Eastern Standard Tribe by Cory Doctorow
Publication: ebook, 2004
Find free @ Craphound.com
First sentence: I once had a Tai Chi instructor who explained the difference between Chinese and Western medicine thus: “Western medicine is based on corpses, things that you discover by cutting up dead bodies and pulling them apart. Chinese medicine is based on living flesh, things observed from vital, moving humans.”
In one sentence: Decent enough, but kinda weird and maybe only makes sense to programmers.
I’ve liked other books by Cory Doctorow, so I reasonably sure I’d like this one. And I did, kind of, but some parts of it read like a blog post written for computer programmers and some other parts were just weird. For instance, the scene where the main character compares his girlfriend’s body parts to various foods while they’re having sex. I find that disgusting, actually, and yet it’s the kind of thing that’s popped up in a few books I’ve read by male authors. Wtf, male authors? Why must you continuously compare women to food? Are all the stereotypes about men and food true, or are you just trying to gross me out?
Anyway, I overall liked the book, but not as much as I’ve liked some of Mr. Doctorow’s other stuff. People who aren’t hardcore internet users might have a hard time understanding the book (heck, even I had a slightly difficult time figuring things out, and I’m online at least 8 hours a day!), and the way the timeline has been cut up and stuck back together is a little confusing. Nevertheless, I finished it, and some of the ideas in it were interesting and thought-provoking. I do think it’s work checking out if you think it’ll be something you’ll like– plus, it’s free! No reason not to check it out, really.
The Demon’s Lexicon by Sarah Rees Brennan
Publication: Margaret K. McElderry (June 2, 2009), Hardback, 336 pages / ISBN 1416963790
Genre: Fantasy, YA
Find @ Amazon or IndieBound
Challenges: Support Your Local Library Challenge (#24)
First sentence: The pipe under the sink was leaking again.
In one sentence: Like Supernatural, except set in Britain and with younger characters.
I was previously familiar with Sarah Rees Brennan from her Livejournal blog, so I was a little worried about reading her new book. It’s always weird reading a book by someone who’s told you what color underwear she’s wearing (or whatever), and it didn’t help that the first part of The Demon’s Lexicon is simultaneously boring and misleading. It starts off with a joke-y attitude, but that’s cast off somewhere in the third chapter and then continues to plod along until about the last fourth of the book. Then it gets really exciting, ceases to be boring, and completely makes me want to read the next book. I feel a bit tricked, actually.
There are a few problems, such as Mae-the-Mary-Sue, but the twist was very well done, and by the time I got to the end I was having a lot of fun. I also couldn’t help thinking that it might have been more effective if it had been written first person POV instead of third– it very nearly reads that way anyway, just with “Nick” in place of “I.” Of course it’s reminiscent of Supernatural, nearly uncannily so, but if you like Supernatural, as I do, that’s not necessarily a bad thing. I’m not entirely sure if I’d still give it 4/5 birds if I reread it now, but the rush I got from the end of it was so large that I temporarily forgot how much the first part of the book bored me. Is that good? No idea. But I would recommend The Demon’s Lexicon for anyone who’s looking for an exciting summer book and/or something to tide them over until the next season of Supernatural starts.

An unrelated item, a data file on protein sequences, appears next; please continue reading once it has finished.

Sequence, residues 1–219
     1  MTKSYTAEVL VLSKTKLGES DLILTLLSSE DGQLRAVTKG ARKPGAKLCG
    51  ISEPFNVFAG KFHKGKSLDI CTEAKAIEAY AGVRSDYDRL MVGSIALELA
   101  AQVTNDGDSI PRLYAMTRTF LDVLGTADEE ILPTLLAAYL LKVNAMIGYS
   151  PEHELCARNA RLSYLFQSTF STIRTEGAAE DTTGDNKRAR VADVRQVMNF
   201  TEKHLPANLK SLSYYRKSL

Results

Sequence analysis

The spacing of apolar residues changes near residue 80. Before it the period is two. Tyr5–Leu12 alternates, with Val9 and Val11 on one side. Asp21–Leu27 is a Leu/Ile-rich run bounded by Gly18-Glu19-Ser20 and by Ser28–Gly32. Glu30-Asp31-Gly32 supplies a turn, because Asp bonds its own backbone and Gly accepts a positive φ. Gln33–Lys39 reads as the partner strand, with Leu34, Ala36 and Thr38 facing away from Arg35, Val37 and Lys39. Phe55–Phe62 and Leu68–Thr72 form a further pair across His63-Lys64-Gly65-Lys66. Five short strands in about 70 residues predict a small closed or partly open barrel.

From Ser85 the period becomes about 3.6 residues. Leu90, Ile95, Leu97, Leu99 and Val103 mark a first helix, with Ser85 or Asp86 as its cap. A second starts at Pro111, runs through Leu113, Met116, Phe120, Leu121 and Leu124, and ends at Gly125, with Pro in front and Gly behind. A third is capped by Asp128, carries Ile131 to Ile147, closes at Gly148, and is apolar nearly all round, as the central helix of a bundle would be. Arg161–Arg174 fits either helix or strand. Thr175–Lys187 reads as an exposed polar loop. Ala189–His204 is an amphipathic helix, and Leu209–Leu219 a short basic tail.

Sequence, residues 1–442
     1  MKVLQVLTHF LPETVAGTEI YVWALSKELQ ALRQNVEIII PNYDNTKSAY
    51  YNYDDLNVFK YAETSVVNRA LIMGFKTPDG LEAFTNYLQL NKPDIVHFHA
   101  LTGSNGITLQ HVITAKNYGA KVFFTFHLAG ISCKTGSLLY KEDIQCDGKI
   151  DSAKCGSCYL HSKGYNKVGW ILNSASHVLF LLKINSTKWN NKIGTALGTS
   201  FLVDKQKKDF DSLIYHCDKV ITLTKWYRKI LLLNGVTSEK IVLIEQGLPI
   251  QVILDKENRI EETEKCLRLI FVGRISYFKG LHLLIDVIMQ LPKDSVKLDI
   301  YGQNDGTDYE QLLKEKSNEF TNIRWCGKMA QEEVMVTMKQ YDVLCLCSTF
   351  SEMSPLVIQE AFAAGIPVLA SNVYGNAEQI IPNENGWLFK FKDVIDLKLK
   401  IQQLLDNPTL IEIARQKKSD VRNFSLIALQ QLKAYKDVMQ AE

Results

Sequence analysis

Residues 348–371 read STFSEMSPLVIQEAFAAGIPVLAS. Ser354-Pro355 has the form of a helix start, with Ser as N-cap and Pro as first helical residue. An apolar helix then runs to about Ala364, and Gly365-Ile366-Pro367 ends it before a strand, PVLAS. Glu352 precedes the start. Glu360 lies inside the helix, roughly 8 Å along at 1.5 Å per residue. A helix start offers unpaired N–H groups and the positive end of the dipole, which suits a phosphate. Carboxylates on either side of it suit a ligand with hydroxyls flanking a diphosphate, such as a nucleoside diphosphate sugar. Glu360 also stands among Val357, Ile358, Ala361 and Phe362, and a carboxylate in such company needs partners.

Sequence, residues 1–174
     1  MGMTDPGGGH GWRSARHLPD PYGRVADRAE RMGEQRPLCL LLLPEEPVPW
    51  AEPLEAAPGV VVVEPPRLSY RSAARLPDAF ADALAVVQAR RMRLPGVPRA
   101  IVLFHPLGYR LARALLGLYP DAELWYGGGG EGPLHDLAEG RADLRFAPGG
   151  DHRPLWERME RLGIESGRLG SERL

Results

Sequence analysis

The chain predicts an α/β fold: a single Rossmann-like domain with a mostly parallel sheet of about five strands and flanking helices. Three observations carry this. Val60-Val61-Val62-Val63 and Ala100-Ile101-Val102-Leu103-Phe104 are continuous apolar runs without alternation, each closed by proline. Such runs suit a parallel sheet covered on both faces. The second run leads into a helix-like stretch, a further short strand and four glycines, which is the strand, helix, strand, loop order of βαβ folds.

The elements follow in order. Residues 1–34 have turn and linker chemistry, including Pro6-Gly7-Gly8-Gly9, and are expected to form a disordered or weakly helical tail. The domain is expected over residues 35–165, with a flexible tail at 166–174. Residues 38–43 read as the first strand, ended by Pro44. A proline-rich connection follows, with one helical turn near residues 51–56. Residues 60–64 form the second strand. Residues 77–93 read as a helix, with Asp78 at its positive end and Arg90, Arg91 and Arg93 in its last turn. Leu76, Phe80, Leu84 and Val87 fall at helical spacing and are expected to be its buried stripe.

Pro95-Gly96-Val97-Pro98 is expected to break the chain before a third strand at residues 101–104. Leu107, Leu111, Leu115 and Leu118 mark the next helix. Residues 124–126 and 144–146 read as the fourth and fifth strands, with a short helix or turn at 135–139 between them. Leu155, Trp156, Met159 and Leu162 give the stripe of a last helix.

Fly By Night by Frances Hardinge
Publication: HarperCollins (April 25, 2006), Hardcover, 496 pages / ISBN 0060876271
Genre: Fiction, YA/Chiildren’s
Find @ Amazon or IndieBound
Challenges: Support Your Local Library Challenge (#23)
First sentence: “But names are important!” the nursemaid protested.
In one sentence: The world is creepy (no books but those approved by a committee!) but the characters (and story) are lovely.
I recently read Ms. Hardinge’s Well Witched and loved it. Fly By Night maybe wasn’t as magical/creepy as Well Witched, but it was just as good and just as enjoyable. Mosca, the protagonist, reminds me of Lyra from His Dark materials except less cold and unfathomable. Though I wouldn’t want her as a friend, I admired her tenacity and she was an excellent character for a book set in violent, oppressive world. The story itself is a little slow, but it builds up to a wowzer of an ending.
Heroes of the Valley by Jonathan Stroud
Publication: Hyperion Book CH (2009), Hardcover, 496 pages / ISBN 142310966X
Genre: Fantasy, Adventure, YA
Find @ Amazon or IndieBound
Challenges: 2009 Pub Challenge (#7)
First sentence: Listen then, and I’ll tell you again of the Battle of the Rock.
In one sentence: Just as good as the Bartimaeus trilogy, and, in some ways, even better.
I keep thinking I’ve already written a review for this, I’ve talked about it so much in Real Life. Basically: excellent story, excellent character, excellent writing. I’m so happy it wasn’t another Bartimaeus #3, and I’m even happier that it has such a strong female almost-lead in it! The ties to Norse mythology were done well, and it was interesting to see things that seemed familiar (vikings, heroes, etc) but weren’t necessarily what we’re used to.
It’s not as funny as the Bartimaeus trilogy, but it has a much better ending and much less tragedy. The world seems a little better set up and detailed, but that’s probably because it’s confined to one valley. The writing seems a little more…flow-y, too, which was very nice. I think if you like Neil Gaiman you’ll like Heroes of the Valley, as it reminds me a lot of Stardust. Huzzah!